As the table above shows, most hummingbirds leave Georgia to head southward into Mexico, Central America, or even South America. In fact, many hummingbird individuals spotted in Georgia are outliers and don’t stay long.
Why Do Hummingbirds Leave Georgia?
Hummingbirds typically leave Georgia in pursuit of food sources like flowers and insects. The shortening days act as the catalyst for these migrations, not dropping temperatures.
Is Migration Dangerous for Hummingbirds?
As with any other bird species, hummingbirds face a number of challenges during migration. Perhaps the biggest obstacle is the sheer distance. The rufous hummingbird has the longest migration of any North American hummingbird, traveling up to 3,000 miles. A marathon of this kind takes its toll on the body and opens the migrant up to other challenges like predation. Common hummingbird predators include larger birds like hawks, owls, gulls, and herons. Additionally, finding enough food to sustain its energy over a trip of this length is also a significant challenge.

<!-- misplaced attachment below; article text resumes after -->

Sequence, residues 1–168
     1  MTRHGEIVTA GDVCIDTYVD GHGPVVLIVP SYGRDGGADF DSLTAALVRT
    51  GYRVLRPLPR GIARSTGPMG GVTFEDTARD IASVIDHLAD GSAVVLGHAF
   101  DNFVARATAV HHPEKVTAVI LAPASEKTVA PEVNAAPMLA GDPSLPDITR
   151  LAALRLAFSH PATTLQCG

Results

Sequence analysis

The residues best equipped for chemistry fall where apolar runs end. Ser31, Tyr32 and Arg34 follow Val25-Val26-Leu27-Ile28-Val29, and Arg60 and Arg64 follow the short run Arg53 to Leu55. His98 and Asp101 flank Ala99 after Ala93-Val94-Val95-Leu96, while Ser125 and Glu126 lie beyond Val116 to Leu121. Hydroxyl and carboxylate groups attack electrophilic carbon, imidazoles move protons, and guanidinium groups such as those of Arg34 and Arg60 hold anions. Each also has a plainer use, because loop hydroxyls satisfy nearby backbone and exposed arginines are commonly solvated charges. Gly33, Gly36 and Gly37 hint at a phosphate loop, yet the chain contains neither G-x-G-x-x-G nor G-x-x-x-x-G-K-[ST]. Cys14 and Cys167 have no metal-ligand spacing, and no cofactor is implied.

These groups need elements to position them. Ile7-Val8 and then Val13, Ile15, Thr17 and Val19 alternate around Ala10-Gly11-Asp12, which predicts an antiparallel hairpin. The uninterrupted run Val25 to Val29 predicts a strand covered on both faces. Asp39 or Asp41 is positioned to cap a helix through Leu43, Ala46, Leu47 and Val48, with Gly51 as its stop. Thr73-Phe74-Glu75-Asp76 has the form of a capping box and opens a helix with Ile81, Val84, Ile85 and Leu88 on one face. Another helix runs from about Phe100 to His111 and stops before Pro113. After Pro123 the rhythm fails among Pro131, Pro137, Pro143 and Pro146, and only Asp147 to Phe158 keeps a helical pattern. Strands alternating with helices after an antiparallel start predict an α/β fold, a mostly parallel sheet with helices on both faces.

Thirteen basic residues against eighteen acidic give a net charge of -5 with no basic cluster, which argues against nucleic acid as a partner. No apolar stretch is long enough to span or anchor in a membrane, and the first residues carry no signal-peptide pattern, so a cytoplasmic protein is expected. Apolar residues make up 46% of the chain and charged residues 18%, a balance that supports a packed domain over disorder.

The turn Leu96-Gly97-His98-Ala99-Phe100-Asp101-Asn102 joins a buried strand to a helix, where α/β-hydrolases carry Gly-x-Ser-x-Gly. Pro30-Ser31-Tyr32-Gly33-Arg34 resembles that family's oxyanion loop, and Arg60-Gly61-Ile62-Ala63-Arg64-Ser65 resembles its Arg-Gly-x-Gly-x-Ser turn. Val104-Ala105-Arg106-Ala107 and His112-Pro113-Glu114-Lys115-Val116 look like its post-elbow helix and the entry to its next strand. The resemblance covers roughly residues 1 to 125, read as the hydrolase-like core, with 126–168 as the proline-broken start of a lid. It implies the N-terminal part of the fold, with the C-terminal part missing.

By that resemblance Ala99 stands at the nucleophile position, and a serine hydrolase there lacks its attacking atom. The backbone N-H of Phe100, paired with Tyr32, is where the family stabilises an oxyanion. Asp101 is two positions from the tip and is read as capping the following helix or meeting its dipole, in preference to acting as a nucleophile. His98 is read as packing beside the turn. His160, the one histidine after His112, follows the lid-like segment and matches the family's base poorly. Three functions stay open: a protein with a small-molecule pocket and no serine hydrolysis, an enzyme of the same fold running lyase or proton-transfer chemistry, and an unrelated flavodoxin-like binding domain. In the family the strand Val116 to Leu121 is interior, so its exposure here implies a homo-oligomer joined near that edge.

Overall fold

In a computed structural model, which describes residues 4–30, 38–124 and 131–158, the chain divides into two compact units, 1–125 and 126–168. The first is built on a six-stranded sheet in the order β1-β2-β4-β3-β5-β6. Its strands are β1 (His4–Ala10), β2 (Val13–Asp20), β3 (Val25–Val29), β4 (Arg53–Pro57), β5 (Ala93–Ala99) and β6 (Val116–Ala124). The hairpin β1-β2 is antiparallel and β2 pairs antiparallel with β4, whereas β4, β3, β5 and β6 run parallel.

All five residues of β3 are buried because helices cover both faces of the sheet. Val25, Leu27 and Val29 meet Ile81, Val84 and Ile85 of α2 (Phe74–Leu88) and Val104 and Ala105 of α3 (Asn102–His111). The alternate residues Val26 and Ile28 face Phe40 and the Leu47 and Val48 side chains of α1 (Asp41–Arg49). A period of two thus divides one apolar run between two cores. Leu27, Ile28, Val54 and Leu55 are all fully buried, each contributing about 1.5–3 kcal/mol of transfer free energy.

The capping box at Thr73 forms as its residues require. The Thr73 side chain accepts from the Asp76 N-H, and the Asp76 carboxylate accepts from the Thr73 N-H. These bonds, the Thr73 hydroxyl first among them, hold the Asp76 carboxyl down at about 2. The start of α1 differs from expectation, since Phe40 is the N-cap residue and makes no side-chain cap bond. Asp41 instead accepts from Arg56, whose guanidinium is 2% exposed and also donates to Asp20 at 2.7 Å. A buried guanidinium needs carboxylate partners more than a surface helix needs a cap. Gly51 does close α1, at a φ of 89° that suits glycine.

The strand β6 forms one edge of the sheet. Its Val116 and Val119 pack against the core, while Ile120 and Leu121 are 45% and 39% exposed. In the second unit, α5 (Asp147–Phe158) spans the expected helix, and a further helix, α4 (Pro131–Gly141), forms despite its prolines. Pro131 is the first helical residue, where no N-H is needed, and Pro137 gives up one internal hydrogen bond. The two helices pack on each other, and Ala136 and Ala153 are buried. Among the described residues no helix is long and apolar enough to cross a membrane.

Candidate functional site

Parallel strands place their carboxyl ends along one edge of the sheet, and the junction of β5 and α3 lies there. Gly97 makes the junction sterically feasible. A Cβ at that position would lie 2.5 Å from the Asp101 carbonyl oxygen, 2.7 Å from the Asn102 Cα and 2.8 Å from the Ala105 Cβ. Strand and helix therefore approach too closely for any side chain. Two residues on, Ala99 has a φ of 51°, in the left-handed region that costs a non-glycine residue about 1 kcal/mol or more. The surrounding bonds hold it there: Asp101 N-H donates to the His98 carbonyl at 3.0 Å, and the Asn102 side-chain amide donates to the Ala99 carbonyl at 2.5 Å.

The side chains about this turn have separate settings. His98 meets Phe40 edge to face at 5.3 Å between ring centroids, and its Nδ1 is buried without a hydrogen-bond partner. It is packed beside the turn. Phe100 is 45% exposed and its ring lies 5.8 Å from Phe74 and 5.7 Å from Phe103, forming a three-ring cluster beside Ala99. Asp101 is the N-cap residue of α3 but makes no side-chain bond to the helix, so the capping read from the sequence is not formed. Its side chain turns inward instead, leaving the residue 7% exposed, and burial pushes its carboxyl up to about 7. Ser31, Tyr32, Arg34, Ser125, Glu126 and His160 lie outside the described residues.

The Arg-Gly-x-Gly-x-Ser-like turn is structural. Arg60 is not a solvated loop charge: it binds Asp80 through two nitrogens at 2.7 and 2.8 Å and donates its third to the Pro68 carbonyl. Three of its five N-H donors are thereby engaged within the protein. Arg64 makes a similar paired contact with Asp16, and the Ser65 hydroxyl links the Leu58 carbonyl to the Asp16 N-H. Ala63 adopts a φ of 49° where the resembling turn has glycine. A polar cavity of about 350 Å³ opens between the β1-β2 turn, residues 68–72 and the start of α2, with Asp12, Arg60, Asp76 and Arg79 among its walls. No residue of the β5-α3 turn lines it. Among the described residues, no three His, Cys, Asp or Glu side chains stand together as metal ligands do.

Should I Keep My Hummingbird Feeders Up In Fall and Winter?
According to the Georgia Wildlife Resources Division, it’s perfectly fine to keep hummingbird feeders up during the fall and winter months. Contrary to popular belief, it will not prevent hummingbirds from migrating. This is because hummingbird migration depends on day length rather than food supply. For those rare individuals that decide to stay in Georgia for the winter or end up there during the colder months, it will provide much-needed nourishment!
Most hummingbirds in Georgia leave by mid-October and return by late February or early March, meaning the best time to see hummingbirds in Georgia is during the spring and summer months. However, it is possible to catch a glimpse of stray hummingbirds during the winter season. Migrating species typically end up south of the United States during the colder months.
The photo featured at the top of this post is © John L. Absher/Shutterstock.com